Does a Cowboy Viking trump a Viking Cowboy?

Did you ever think to yourself, wow, I love stories about Vikings. Or wow, I love stories about cowboys. I wish there were more stories about Vikings AND cowboys!!! No? Well, clearly you’re not as brilliant as Emmy Laybourne.

cowSide note: As I mentioned this I was googling for images of Cowboy Vikings and did you know there’s a Cowboy Ninja Viking comic book?!? Yeah, they went there. 

 

Getting back to the point, I think Emmy’s prior books (Monument 14 and Sweet) do an excellent job of transforming something real into potentially terrifying fight-for-survival sort of scenarios. While Berserker is still about a family’s fight for survival, it takes place in a very different sort of world.

On the cowboy side we have Owen. He’s strong, hardworking and devoted to his family, which, in this case, is his dog Daisy. He had a somewhat tough childhood, at least from an emotional standpoint and continues to have some tough breaks that lead him to his run-in with the Hemstad family.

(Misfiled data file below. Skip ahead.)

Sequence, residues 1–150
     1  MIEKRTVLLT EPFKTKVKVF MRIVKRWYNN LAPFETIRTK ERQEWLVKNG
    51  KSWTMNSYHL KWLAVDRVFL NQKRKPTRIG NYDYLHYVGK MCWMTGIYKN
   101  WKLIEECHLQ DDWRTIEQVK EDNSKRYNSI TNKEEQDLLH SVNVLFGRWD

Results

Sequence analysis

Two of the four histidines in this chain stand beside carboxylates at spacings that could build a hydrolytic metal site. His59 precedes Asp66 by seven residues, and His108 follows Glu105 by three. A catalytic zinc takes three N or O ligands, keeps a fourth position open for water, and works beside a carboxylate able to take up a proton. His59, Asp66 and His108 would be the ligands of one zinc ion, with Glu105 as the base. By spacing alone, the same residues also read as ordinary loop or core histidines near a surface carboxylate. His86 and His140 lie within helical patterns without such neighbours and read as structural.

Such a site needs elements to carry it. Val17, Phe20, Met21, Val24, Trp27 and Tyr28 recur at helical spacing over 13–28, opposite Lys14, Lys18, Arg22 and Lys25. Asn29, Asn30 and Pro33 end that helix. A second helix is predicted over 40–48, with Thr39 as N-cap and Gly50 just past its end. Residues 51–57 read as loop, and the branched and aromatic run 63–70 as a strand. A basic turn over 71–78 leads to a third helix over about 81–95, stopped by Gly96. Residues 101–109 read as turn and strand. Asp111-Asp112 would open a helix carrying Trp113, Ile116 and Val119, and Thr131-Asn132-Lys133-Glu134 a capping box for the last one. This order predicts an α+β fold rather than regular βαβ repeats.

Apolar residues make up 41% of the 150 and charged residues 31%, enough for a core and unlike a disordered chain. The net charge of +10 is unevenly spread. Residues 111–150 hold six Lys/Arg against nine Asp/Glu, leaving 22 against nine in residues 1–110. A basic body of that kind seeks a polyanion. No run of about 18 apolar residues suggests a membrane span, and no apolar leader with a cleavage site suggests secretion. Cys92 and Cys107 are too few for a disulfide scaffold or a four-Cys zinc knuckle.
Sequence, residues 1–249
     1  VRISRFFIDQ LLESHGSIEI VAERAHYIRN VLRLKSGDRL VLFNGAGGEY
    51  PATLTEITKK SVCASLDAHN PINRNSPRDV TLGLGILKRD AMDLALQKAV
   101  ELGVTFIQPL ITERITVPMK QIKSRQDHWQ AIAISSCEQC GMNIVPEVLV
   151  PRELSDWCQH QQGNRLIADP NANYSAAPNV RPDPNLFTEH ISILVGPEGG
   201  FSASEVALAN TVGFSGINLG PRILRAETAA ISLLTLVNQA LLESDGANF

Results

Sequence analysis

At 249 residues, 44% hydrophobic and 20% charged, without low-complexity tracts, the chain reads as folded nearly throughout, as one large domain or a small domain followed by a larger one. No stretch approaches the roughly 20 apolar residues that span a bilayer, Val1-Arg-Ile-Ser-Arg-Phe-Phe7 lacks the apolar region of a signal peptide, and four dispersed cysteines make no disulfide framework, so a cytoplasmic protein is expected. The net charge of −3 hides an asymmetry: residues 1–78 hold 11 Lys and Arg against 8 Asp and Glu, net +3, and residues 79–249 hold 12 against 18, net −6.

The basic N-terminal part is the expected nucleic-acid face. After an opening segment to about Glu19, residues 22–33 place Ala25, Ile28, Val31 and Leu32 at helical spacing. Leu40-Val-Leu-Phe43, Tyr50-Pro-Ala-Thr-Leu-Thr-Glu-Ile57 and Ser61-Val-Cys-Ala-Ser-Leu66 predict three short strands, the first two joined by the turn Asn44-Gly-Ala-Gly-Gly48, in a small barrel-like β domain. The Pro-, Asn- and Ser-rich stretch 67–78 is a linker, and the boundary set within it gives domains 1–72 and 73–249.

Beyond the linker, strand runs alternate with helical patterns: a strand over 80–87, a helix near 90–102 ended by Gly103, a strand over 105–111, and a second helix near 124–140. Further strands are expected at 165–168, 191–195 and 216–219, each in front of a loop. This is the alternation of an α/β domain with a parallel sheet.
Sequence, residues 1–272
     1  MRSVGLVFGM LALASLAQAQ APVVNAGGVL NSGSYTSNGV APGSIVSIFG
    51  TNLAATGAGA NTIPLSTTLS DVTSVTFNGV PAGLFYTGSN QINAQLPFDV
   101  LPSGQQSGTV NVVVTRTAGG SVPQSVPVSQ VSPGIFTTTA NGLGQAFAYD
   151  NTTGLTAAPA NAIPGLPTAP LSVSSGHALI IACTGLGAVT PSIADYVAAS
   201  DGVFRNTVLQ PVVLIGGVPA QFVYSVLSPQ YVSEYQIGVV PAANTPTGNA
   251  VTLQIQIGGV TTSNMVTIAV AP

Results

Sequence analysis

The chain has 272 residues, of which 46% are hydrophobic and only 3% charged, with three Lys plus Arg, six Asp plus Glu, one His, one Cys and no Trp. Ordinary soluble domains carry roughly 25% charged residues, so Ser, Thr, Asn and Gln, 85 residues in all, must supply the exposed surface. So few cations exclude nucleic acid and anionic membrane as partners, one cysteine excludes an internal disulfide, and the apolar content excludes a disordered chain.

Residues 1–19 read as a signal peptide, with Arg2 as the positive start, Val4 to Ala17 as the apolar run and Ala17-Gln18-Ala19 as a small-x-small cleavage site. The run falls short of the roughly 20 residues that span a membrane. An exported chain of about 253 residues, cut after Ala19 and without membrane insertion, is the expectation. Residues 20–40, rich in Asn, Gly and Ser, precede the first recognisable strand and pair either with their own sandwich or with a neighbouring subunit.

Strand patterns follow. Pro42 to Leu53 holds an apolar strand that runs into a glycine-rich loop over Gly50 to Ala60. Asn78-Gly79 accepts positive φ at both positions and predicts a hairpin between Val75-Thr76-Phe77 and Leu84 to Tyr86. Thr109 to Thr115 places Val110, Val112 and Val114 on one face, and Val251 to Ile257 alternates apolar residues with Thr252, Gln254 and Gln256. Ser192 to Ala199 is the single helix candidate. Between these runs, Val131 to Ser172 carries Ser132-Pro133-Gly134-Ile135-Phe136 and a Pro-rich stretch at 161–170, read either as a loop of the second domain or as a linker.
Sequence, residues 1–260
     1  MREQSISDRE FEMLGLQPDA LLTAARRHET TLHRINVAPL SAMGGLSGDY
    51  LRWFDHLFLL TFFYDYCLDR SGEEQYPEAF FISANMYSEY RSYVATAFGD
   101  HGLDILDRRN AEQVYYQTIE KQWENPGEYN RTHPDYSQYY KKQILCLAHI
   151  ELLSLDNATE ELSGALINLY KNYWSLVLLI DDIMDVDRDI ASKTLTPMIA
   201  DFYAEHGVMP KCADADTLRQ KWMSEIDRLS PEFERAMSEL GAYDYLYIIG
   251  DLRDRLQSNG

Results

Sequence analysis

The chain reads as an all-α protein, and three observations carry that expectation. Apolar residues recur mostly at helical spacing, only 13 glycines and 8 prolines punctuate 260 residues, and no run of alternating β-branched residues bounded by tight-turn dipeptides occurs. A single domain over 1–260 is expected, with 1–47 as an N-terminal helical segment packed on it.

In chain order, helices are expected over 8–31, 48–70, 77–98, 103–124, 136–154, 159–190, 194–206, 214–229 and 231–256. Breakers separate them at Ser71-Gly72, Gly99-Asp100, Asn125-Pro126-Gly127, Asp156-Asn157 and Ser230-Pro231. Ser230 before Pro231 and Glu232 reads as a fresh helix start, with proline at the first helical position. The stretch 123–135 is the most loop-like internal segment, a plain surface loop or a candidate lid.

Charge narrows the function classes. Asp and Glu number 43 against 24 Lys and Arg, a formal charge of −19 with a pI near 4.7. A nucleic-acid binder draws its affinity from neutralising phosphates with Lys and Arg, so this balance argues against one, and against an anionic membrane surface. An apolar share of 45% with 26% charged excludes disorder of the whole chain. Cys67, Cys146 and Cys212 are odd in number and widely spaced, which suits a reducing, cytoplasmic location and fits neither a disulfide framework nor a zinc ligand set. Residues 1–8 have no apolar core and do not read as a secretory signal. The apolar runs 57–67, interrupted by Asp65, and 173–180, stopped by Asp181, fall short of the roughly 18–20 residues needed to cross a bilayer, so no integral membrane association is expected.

The Hemstad family (the Vikings) is cursed/gifted with Nyttes. These are special abilities that come at a price. Hanne, the oldest sister is a Berserker who goes into a rage whenever those she loves are threatened. Her older brother Stieg is a Stormrend with the power to control the winds at a harsh physical price. Youngrt brother Knut is an Oarbreaker with extreme strength and  youngest sister Sissel does not (yet) have a Nytte.

The action really begins with the idea of Stieg traveling to America to become a teacher. I’m trying to avoid spoilers, so let’s just say that after a series of unfortunate events, the siblings are forced to flee with Stieg to America. And so the journey begins.

Over the course of the book, Emmy paints beautiful landscapes and creates a complex and ultimately very real family dynamic. There’s a clear attraction between Owen and Hanne, but it’s never overpowered by the angst you so often see in YA and the barriers to the relationships – the misunderstandings and insecurities – ring true.

The internal conflict within the story is based on the characters’ struggles with their Nyttes. While the external conflict is provided by two Vikings pursuing the Hemstad’s with the intention of harnessing their “gifts.”

By the end of the book, I was very attached to the Hemstads (and of course Owen), I had been truly surprised by a few of the characters and I was left with a deep curiosity on what it might mean to “listen to the gods.” Read it and you’ll understand what I meant by the last bit. Berserker was something really different and very good and I’m really looking forward to Book 2.

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